Recently, some friends and I were laughing at something I had stumbled upon online titled ‘resume bloopers.’ It was about funny documented mistakes that people have made on their curriculum vitae (CV), also known as resume, and job applications. Some were downright silly but others were very common mistakes. As hilarious as they all were, it made me realise that a lot of people, including me, haven’t taken the time to meticulously work on their CVs. Your CV is like your very own personal ad. It should sell you to your future employer. Just like an advertisement, it is supposed to persuade whoever reads it to take some sort of action, hopefully the first step in the hiring process, that is, call you for an interview.
While you may not list the languages you speak as ‘English and Spinach’ or say, “I have a bachelorette degree in computers,” as part of your education, like some of the people on the list did, there are numerous other mistakes that you may be making on your CV. It happens to the best of us. Here are several common mistakes you need to avoid:
Avoid spelling and grammatical mistakes: These are the easiest mistakes to make and also the most costly. Some surveys have shown that many human resource personnel disregard or trash CVs after spotting one or two typing errors. Typos reflect badly upon you. They show a lack of attention to detail. Take your CV seriously and carefully proofread it and eliminate all mistakes before sending it to your place of choice.
Have an appropriate email address: You have probably heard this one before. If you have an email that reads something like ‘[email protected]’, do not include it in your CV. It does not look professional. Use an appropriate email address on your CV, preferably one with your name or initials.
Make your CV straight and to the point: Employers and human resource people usually have numerous CVs to look through and in most cases will not be reading them word for word. They will probably skim through them at best. Therefore, ensure what you write on your CV is brief and to the point. More is not always better. The fatter the CV, the less likely it will be picked up by busy human resource personnel.
Also, don’t list information that is irrelevant or not related to the job you are applying for. It may not be useful to state that you like knitting in your free time when applying for a job as an engineer. You may want to add some colour to your CV but have in mind that the person reading through it has numerous other CVs and will be looking for relevant details. When listing the skills you possess, start with the most relevant to the job you are applying for. Make your skills scream at the reader to draw his attention. A good CV should also be an easy read, so use bullet points to highlight important points instead of a block of text. Most people will not dig through your ‘wall’ of text to find the important points.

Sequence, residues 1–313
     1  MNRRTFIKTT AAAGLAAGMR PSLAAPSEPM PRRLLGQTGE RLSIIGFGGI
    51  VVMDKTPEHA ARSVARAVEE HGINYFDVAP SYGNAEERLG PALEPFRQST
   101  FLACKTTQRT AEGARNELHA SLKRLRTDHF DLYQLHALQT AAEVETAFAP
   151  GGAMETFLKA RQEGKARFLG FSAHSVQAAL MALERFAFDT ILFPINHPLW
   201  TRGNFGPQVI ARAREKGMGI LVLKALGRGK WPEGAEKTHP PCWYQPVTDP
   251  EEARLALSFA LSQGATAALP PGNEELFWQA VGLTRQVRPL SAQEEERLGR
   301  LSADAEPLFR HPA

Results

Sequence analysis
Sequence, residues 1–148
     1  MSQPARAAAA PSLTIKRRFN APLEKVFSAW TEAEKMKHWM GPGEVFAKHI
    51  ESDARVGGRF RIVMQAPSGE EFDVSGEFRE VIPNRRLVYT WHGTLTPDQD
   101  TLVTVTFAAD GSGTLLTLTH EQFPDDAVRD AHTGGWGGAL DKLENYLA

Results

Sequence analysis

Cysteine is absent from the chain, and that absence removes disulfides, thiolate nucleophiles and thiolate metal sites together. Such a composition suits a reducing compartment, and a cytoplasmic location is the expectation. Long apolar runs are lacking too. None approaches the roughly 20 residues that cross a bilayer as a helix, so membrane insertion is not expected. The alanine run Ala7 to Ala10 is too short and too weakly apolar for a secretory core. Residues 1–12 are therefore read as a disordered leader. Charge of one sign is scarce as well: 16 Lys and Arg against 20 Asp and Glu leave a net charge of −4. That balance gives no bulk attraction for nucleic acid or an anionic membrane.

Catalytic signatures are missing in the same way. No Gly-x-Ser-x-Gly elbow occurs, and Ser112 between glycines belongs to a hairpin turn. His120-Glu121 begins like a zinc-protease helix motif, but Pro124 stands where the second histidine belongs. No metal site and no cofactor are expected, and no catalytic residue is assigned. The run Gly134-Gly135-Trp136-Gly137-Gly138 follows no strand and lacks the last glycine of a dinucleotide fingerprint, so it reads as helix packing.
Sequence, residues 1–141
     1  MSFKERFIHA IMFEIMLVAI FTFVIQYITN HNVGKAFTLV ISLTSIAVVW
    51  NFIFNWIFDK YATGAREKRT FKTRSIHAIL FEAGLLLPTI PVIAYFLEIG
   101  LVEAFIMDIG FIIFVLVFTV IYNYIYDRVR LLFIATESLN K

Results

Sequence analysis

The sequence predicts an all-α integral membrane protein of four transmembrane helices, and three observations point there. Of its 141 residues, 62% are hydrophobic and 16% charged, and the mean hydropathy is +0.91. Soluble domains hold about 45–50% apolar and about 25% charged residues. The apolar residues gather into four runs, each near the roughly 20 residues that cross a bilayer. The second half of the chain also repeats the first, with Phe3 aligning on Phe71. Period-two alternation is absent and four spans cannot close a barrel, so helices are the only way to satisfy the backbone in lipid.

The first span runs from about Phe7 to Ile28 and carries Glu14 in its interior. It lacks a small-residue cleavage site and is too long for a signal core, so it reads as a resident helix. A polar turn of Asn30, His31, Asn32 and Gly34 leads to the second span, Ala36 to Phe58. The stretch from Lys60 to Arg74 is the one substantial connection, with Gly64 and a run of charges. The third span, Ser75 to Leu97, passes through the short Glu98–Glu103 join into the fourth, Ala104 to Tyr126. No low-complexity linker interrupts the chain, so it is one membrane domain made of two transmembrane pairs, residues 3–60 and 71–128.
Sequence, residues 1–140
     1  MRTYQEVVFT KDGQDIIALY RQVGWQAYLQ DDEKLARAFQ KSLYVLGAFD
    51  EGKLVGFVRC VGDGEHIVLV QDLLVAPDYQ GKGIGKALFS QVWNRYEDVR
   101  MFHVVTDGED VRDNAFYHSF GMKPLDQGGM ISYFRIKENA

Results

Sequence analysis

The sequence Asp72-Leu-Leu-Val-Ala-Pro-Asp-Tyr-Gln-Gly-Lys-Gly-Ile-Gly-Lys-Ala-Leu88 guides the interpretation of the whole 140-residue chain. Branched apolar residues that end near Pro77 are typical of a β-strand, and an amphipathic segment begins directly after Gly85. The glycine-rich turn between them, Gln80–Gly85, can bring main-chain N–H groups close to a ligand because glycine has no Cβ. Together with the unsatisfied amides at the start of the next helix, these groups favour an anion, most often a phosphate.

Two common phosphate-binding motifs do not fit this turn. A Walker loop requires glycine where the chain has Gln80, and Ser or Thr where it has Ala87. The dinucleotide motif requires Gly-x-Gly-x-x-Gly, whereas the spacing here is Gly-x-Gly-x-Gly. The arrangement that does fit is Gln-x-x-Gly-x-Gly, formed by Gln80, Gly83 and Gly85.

Concentrate on your achievements instead of responsibilities: A CV that clearly shows what you have achieved and states measurable accomplishments will catch the attention of the reader. Listing the responsibilities you have held such as internship, assistant director, among others, does not say much. Instead of saying, for example, three years experience as creative director at X magazine, it would be better to say, increased advertising by 30 percent by improving the outlook and layout of magazine X over three years as creative director. Make your CV achievement-based instead of responsibilities-based.
Don’t undersell or oversell yourself: Don’t devalue or make yourself look bad in an effort to look human. For instance, do not ask for a very low salary or appear desperate in a bid to get the job. It makes you seem unsure of yourself, or one who can’t be trusted with power or other organisational responsibilities. In the same breath, don’t brag about yourself or your achievements. Yes, you want to appear like a strong candidate, but don’t overstate your qualifications or make statements like: “You will not find anyone with my qualifications.” You will come across as obnoxious and arrogant.
Also, avoid use of the word ‘I’. Instead of saying ‘I increased advertising by 30 percent,” say: “Increased advertising by 30 percent.” This makes you a team player as you are acknowledging this achievement was not yours alone.